Arts & Life
Canstar Community News
Hey there, time traveller!
This article was published 23/2/2017 (1262 days ago), so information in it may no longer be current.
Juno, a 15-month-old female polar bear from the Toronto Zoo, is coming to Winnipeg's Assiniboine Park Zoo on March 1.
Juno will be coming to Winnipeg to socialize with other polar bears closer to her age and size.
Juno's arrival in Winnipeg will be like a visit from family; Juno is the younger sister of Hudson and Humphrey, who both lived in Assiniboine Park Zoo's Journey to Churchill exhibit before moving back to the Toronto Zoo last October. Both Hudson and Humphrey were born at the Toronto Zoo.
Juno was born at the Toronto Zoo on Nov. 11, 2015. She was the only survivor in a litter of two but was raised by zoo staff when her mother couldn’t produce milk.
Juno will be quarantined in Winnipeg for the standard 30 days and then live in the Leatherdale International Polar Bear Conservation Centre. She will eventually be introduced to Nanuq and Siku, two polar bear cubs already living there.
"We're excited because with the facility we have and the bears we have, we have the opportunity to provide Juno with some socialization with some bears her own age and similar size," said Johanna Soto, the Assiniboine Park Zoo's curator of animal care and behavioural husbandry.
"Because she was the only surviving cub in a litter of two, she was closely monitored and cared for by the Toronto staff in the early stages of her life and so didn't have that sibling. Being with our bears will help her learn how to communicate with bears, in body language and vocal signals."
Soto said interacting with other polar bears is important to their well-being to help give them the best possible life in captivity.
"What we have found with the bears we have now, and we've introduced different bears to each other, they really do appear to enjoy each other's company. We find that after the initial introduction, they give other signals while they're introducing themselves to each other, usually we find between 24 and 48 hours later, they're playing together."
Jeff Young, the supervisor of wildlife care — Americas at the Toronto Zoo, said Winnipeg was the perfect place for Juno because of Nanuq and Siku.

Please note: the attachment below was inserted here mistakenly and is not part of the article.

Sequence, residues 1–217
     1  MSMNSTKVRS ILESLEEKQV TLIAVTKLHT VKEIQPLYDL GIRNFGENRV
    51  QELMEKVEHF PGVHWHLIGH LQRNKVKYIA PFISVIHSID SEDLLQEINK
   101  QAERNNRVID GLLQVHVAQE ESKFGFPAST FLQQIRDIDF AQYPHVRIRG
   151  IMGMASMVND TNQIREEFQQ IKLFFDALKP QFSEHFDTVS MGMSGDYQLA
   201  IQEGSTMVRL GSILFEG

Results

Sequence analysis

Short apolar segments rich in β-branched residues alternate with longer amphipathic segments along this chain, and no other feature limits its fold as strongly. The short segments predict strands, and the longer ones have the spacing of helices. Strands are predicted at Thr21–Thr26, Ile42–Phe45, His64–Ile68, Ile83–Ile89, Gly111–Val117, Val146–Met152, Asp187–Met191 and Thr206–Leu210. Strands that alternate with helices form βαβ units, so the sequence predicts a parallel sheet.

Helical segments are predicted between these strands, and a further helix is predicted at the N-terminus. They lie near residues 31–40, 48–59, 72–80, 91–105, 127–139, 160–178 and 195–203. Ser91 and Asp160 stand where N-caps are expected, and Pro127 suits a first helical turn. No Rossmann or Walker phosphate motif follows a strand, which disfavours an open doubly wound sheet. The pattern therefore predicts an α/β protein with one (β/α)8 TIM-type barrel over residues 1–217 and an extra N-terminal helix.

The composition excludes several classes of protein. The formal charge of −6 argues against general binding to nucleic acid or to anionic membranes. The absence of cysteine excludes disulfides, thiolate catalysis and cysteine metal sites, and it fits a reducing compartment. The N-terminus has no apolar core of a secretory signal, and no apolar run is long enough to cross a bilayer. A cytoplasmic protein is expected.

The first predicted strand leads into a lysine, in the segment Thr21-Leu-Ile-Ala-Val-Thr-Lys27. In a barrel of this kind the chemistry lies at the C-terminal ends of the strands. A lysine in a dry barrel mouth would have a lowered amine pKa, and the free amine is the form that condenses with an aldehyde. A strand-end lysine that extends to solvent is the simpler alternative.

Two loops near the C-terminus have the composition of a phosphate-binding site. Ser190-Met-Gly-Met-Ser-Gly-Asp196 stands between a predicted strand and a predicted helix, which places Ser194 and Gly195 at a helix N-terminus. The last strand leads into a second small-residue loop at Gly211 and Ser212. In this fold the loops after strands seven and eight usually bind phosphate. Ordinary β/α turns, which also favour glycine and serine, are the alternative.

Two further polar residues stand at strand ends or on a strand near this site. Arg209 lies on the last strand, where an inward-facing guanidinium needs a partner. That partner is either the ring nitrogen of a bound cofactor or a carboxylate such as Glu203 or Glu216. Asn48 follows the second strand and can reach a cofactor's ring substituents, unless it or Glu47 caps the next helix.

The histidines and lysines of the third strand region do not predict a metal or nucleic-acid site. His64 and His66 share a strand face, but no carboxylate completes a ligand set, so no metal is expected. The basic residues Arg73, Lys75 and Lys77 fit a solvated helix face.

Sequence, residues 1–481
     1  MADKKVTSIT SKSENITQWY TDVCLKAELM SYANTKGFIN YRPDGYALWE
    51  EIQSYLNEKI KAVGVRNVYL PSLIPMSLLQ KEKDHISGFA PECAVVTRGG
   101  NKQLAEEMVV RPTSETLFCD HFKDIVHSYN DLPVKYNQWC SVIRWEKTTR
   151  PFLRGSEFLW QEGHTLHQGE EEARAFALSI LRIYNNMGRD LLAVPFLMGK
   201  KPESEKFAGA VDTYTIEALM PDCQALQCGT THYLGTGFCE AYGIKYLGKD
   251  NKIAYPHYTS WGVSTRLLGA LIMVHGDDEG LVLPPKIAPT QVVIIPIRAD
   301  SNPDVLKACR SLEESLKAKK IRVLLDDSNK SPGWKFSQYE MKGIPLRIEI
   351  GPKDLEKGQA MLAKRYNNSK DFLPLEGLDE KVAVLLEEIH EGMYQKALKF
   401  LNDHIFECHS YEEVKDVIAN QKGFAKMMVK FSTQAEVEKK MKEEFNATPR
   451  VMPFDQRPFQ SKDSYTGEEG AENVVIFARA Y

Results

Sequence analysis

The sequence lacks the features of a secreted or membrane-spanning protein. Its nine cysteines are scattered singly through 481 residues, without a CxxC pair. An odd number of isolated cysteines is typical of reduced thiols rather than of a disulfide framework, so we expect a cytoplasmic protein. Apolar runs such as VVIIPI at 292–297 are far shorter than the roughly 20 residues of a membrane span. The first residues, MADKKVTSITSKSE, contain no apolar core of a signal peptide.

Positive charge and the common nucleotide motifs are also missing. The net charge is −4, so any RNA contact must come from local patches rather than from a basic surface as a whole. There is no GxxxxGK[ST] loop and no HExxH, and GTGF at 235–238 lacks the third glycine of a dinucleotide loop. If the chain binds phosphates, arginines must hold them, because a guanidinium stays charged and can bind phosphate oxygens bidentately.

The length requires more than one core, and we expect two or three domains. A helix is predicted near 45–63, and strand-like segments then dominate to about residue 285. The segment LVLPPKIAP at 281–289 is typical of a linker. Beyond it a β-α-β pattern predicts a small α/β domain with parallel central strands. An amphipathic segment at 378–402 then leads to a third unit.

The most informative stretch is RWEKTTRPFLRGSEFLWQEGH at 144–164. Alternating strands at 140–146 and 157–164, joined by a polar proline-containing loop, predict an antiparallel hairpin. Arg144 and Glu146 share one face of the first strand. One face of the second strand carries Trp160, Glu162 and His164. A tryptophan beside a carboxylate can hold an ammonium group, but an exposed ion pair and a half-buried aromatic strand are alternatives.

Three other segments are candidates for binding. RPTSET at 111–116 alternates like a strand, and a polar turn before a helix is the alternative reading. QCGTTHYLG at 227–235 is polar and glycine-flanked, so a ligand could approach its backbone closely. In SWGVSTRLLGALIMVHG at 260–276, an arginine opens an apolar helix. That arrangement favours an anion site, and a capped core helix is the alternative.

"We're just not in a position right now where we have a bear of comparable size to introduce her to and they (Assiniboine Park Zoo staff) have done numerous introductions with the bears they've received," Young said. "We're partners with them and we think it's a wonderful opportunity for Juno and Assiniboine (Zoo)."
At the Toronto Zoo, Juno can see other bears but is protected from them by a wire mesh barrier. Young said it's called the "Howdy" program, where she can be around the other bears but not with them. In Winnipeg, Nanuq and Siku will model bear behaviour for her and include her.
Young said Juno weighs about 120 kilograms. The other Toronto Zoo polar bears are older, bigger and stronger, raising safety concerns. By comparison, Juno's parents Aurora and Inukshuk, who live at the Toronto Zoo, weigh about 544 kg and 362 kg, respectively.
"It's an honour for us to look after polar bears. They are ambassadors. Imagine trying to tell someone about the plight of polar bears and not be able to see a living animal, to appreciate the beauty, how intuitive they are, the using of their sense of smell, the interactiveness with the public," Young said.
"You become engaged in trying to save polar bears, because they're not going to save themselves, and you're trying to help improve the environment."
In Winnipeg, there are seven other polar bears living in the Journey to Churchill exhibit — Storm, Aurora, Kaska, Blizzard, Star, York and Eli.
All nine bears at the Assiniboine Park Zoo were rescued following various circumstances that would have prevented them from continuing to live in the wild. There is no breeding program.
Soto said the seven polar bears in Journey to Churchill are living in two social groups. The female bears Aurora, Kaska and Star along with Storm, a neutered male, live together in one part of the polar bear habitat. Living in another area are the young males York, Eli and Blizzard.
"Blizzard was introduced to York and Eli in November and within 48 hours, the three of them were sleeping together, exploring together so they do create these social groups when they're comfortable with each other and they will do things together," Soto said. "It is really great to watch because it does provide them with enrichment and the ability to just be a bear."
Young said there is no timeline set for how long Juno will be in Winnipeg once she is introduced to Nanuq and Siku. There will be regular communication between the Toronto Zoo and Assiniboine Park Zoo to monitor Juno's progress.
With their names announced last month from results of the zoo's online poll, Nanuq's name is the Inuit word for polar bear and Siku is the Inuit word for ice.
Juno, named in honour of Juno Beach, a historic Canadian landing spot on D-Day in the Second World War, was adopted by the Canadian Forces. She was born on Remembrance Day in 2015.
Hudson, the first polar bear to live in Journey to Churchill exhibit, came to Winnipeg from Toronto in January 2013. Humphrey, Hudson's younger brother from another litter, came to Winnipeg from Toronto in March 2015.
Updated on Thursday, February 23, 2017 at 9:22 AM CST: Updated
1:07 PM: writethrough
The Winnipeg Free Press invites you to share your opinion on this story in a letter to the editor. A selection of letters to the editor are published daily.
Letters must include the writer’s full name, address, and a daytime phone number. Letters are edited for length and clarity.